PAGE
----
Garrison was better known to the working classes in Great Britain than in his own country. “During my visit to England,” said Henry Ward Beecher, speaking in 1863, “it was my privilege to address, in various places, very large audiences, and I never made mention of the names of any of those men whom you most revere and love, without calling down the wildest demonstrations of popular enthusiasm. I never mentioned the names of Mr. Phillips or Mr. Garrison, that it did not call forth a storm of approbation.”

It was through all this intercourse between the Abolitionists and the liberals of England that there grew up that understanding which the middle classes of England possessed as to the nature of the American [250] struggle in 1860 to 1865; and which alone averted the recognition of the Southern Confederacy by the British Government. In reading the life of Charles Francis Adams, it has always been a surprise to me to find how well informed the cotton spinners, operatives, and small tradesmen of England were upon the very point which the governing classes were so unwilling to understand. The story of the support given to the Northern cause by the cotton spinners of Lancashire, who were being starved to death by the blockade of our Southern ports, is among the most moving stories in history. They could not be induced to protest or to ask their own Government for relief against that blockade. They would not take sides against the United States Government whose action was crushing them, because that Government stood for the freedom of the slave. The tale resembles the story of some siege at which not merely the safety of a city, but the fate of all humanity is at stake. These humble creatures saved us. It was due to their fortitude that Great Britain did not openly recognize the Confederacy. Had the masses of England sustained the official classes in regard to the American [251] question, some sort of intervention by England in American affairs would in all probability have followed.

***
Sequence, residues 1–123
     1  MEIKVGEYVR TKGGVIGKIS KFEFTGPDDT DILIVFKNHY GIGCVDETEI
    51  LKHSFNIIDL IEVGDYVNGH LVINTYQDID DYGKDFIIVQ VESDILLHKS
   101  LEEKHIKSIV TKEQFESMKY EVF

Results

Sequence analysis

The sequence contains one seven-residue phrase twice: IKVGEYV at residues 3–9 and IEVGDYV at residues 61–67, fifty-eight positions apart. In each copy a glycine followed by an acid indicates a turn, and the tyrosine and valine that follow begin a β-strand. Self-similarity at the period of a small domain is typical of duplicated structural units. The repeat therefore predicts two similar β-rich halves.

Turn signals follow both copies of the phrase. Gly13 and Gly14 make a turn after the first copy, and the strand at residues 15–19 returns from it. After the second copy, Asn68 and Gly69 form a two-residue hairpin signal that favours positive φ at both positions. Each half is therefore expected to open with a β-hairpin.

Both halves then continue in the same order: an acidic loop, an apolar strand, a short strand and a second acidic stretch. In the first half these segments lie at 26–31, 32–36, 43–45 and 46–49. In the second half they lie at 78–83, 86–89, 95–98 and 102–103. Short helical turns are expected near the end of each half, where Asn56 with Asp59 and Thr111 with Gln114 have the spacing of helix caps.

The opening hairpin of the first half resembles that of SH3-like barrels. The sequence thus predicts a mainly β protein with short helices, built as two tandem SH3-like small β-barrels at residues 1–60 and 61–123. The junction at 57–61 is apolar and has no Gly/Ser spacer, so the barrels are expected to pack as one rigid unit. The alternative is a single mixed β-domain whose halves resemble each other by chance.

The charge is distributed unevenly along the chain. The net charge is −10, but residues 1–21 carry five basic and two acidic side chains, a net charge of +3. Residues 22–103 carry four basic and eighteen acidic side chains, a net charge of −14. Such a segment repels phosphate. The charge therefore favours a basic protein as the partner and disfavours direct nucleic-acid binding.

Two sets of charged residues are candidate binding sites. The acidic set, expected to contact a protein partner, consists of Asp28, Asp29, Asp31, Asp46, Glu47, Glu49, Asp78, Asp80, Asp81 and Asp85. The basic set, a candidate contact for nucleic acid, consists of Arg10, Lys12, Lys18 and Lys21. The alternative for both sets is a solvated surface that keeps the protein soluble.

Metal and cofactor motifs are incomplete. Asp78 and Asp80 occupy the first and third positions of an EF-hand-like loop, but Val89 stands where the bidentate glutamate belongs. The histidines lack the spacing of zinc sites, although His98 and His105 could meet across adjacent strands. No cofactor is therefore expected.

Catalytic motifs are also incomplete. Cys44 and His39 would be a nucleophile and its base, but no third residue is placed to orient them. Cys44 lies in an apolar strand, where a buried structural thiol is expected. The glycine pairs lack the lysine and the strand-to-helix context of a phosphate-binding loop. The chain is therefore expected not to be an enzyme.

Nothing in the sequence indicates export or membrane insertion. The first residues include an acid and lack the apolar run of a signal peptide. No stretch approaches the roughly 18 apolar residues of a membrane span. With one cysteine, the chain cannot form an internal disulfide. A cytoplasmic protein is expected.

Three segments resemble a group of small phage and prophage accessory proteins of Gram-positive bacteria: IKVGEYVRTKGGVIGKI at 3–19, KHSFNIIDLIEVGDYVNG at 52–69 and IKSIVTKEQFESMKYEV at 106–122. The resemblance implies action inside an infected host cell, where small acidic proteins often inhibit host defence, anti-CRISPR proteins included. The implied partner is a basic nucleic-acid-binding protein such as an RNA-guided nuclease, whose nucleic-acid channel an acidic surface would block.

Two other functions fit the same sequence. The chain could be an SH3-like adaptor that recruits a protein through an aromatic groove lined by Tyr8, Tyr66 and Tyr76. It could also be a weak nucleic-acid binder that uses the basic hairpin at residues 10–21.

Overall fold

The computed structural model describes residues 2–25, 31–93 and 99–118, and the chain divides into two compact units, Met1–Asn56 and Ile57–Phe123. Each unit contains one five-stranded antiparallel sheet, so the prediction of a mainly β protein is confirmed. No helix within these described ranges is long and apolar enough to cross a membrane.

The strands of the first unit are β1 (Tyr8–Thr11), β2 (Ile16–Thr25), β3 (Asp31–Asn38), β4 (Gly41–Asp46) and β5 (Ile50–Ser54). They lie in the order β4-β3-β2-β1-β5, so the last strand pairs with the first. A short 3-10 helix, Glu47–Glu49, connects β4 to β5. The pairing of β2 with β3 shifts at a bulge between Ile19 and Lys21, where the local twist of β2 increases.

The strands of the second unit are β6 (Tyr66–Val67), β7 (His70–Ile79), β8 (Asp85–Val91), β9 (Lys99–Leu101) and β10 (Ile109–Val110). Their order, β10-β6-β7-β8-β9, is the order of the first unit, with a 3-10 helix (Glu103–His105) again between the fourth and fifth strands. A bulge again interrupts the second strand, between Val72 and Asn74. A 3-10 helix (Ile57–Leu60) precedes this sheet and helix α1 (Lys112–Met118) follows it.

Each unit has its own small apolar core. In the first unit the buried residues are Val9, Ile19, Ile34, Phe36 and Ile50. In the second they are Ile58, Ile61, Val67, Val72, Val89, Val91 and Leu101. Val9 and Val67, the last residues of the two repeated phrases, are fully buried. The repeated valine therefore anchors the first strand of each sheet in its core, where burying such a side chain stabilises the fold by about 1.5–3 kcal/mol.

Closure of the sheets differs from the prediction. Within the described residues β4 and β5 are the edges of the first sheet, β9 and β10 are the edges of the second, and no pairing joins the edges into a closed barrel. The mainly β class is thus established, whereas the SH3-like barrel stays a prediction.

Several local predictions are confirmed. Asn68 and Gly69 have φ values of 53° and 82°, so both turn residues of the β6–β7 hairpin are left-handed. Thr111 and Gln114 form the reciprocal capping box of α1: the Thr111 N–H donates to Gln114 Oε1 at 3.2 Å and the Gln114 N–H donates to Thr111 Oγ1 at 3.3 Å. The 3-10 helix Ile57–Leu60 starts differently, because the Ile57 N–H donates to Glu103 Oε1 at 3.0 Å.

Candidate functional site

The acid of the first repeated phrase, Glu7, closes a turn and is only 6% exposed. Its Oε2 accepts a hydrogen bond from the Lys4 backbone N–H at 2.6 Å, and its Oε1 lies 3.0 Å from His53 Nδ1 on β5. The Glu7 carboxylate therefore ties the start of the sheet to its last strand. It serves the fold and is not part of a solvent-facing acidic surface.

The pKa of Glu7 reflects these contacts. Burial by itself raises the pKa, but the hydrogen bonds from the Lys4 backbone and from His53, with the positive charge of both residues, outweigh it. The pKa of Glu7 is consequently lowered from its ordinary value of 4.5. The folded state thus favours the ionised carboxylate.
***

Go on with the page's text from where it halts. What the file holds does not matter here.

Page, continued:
The Englishmen whose influence educated and sustained the working classes upon this whole matter were John Stuart Mill, John Bright, Richard Cobden, Lord Houghton, William E. Forster, George Thompson, Goldwin Smith, Justin Mc-Carthy, Thomas Hughes, Herbert Spencer, Professor J. E. Cairnes--as well as the Gurneys, Buxtons, Webbs, and Clarksons of the previous generation: that is to say they were the heart and conscience of England of which Garrison had found himself to be a part in the early days, and by which the whole Anti-slavery movement had been comprehendingly followed during thirty years. The lower classes in England saw that the battle raging in America was their own battle, and that upon the maintenance of the cause of free labor the progress of popular institutions all over the world largely depended.